Wednesday, December 5, 2012

Perks of Not Being a Debbie-Downer

At long last, the day has arrived! The day where the heavens open, the angels sing, and I no longer feel how Lindsey Lohan looks. To put it shortly: my day was friggin awesome.

First, I got back an English paper that I thought was a solid 85 only to look down and see the most wonderful sight known to man: a bright, beautiful 97 written in red ink. Not only was my grade high, but there were no corrective markings on the page. Every comma was in place, I didn't flip-flop in-between tenses, and there were no alien invasions I added just to fill up the minimum 2-page requirement. Then to top it all off, my teacher came up to me after class just to tell me how much my writing voice had improved these past few months.

I never really associated the phrase "practice makes perfect" with writing because to me it seemed like a talent you either had or you didn't. You know, if you were a bad writer, writing more often didn't seem like a way to improve, just a way to bring more crappy writing into the world. But doing NaNo and this blog really has benefitted me in ways I didn't think were possible. It's like, "Hey, world! I'm Super-Awesome-Mega-Writer-Person now!" ...Okay, obviously not. But the point is, I'm growing. And that makes me excited.

After that I had rehearsal for my school's musical. I was pretty stoked at the beginning of September to find out I got the lead. Less stoke-age happened last week when I was asked by my director to step up into a leadership role. My immediate reaction was laughter. (I didn't of course because that would have been disrespectful, so I just nodded a lot.) I am not a leader. I am the farthest thing from a leader. Not even a follower; I follow people who follow. If life were just one long line of the elephant patrol from The Jungle Book, I would be that wimpy little shrimp of an elephant on the end.

But today in rehearsal, I was not Hathi Junior. A small group was working with the musical director learning a song while the other 80% of the cast were chit-chattering about goodness knows what. I knew it wasn't smart to waste precious rehearsal time (we only have an hour and a half a week, but we don't perform until May) so I closed my eyes and channeled the only strong, powerful, bossy lady that I knew could get the job done: Liz Lemon. "Alright, nerds. We're running the opening. Places from the top!"

Okay, so I didn't quite have the ferocity of Liz Lemon and my actual words were something along the lines of, "Hey, you guys? So while they learn the song I think it would be best if we went over the opening and cleaned it up a little. Does that sound good?" But I definitely had my hands on my hips in a power stance while I said it! The point is, I accomplished something. I even got the opportunity to help out another cast member who was having trouble with the dance moves. Knowing that I had contributed to something was a good feeling. And it's one I intend to recreate in the future.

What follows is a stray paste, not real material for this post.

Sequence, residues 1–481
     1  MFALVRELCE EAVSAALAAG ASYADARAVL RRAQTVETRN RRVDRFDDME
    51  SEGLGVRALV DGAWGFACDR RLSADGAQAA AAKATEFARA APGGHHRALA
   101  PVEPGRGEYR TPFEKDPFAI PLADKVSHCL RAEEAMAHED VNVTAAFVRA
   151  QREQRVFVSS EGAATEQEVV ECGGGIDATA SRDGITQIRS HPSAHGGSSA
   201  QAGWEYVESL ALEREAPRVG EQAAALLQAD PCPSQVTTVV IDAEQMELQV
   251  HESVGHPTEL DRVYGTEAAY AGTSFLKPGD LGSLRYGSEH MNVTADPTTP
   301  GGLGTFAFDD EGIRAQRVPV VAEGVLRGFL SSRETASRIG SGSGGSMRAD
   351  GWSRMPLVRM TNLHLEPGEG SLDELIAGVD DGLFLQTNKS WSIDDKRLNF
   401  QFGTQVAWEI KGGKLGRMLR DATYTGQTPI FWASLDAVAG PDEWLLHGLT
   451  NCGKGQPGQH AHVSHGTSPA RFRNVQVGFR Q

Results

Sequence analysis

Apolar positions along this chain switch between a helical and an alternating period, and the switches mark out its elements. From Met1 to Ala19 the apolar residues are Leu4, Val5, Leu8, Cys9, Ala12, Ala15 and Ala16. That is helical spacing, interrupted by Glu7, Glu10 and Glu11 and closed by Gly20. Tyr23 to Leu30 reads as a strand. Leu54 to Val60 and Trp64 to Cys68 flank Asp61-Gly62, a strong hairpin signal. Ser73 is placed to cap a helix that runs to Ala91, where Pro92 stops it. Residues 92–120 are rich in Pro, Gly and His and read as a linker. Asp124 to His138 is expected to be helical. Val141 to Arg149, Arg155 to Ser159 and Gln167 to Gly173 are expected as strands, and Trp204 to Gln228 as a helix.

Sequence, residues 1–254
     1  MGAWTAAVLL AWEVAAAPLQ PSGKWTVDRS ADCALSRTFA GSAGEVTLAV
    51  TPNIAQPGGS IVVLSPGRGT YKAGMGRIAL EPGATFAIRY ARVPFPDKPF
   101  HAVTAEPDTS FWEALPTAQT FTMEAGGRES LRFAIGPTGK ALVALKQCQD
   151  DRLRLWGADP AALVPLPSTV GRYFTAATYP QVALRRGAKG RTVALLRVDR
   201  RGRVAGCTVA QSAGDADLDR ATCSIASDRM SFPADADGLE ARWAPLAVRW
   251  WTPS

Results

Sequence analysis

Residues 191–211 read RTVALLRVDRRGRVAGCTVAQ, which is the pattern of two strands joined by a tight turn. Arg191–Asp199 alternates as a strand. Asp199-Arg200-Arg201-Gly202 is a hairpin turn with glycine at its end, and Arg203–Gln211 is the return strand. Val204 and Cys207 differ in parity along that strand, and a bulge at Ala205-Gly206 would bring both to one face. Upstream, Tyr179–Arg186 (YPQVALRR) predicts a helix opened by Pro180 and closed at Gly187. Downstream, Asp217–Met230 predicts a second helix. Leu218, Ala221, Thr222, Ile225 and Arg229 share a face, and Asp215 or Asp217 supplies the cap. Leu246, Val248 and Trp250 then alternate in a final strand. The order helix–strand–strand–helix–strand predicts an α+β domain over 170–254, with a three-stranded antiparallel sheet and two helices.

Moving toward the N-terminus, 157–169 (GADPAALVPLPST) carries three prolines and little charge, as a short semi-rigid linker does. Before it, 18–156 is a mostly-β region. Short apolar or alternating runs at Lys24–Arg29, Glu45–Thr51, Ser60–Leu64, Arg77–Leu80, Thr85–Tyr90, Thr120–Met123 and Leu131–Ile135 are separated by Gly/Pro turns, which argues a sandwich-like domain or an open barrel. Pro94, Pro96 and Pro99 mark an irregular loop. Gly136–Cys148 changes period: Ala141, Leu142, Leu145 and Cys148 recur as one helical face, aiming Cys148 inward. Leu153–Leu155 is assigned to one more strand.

The last part of my amazing day was the most low-key: it was just me, in study hall, with my copy of The Perks of Being a Wallflower and a notebook. My life since school started has been crazy. Every day it feels like I'm being crushed by another heavy weight--whether it's school or my own personal projects or just resisting the desire to hibernate until March. There was so much pressure even my downtime felt like a hassle. ("You're telling me that I have to do 3 sections of Trigonometry, translate 15 sentences from Latin to English, and I have to catch up on How I Met Your Mother???") During study hall today, none of that existed. I could just sit down, all alone with me, my thoughts, and one of my favorite novels of all time.

Every time I reread Perks, I always find a new favorite quote. The one that jumped out at me this time was on page 33: "Five minutes of a lifetime were truly spent, and we felt young in a good way." I know that not every minute of my life can be spent truly, and I know that sometimes I will feel young in the worst ways possible. Youth is a messy, messy experience, and sometimes it can be both harrowing and heart-breaking. Those days will be the easiest to remember, but they're not the ones worth remembering. Today is more worthy of my memories than the days filled with panic and anxiety. So this is the one I will choose to remember.

Tonight's ABC Family 25 Days of Christmas Feature: Home Alone
Christmas-tastic Thing of the Day: Snow. What is your favorite memory about snow?

1 comment:

  1. I just... really love your blog. Like, a lot. I'm so pumped you had a good day!

    My favorite memory of snow has to be from last winter. Snow fell softly one of those weird between-Christmas-and-New-Year days, and my mom and I went for a midday walk because it wasn't that cold. It was the perfect wintry day, the streets hadn't been plowed yet, it was slightly sunny and the snow was glittering. The whole time, I couldn't get over the whiteness of snow. A few years ago, I spent a whole day just freaking about how our dog is like YELLOW next to snow, even though I'd always just blindly accepted that he was obviously a white dog. I love that about snow. It's just so freaking white. And on that walk with my mom, I had just gone through a terrible few months with her, and everything felt white and pure and new and I felt poetic and sappy and didn't feel all that bad about it :)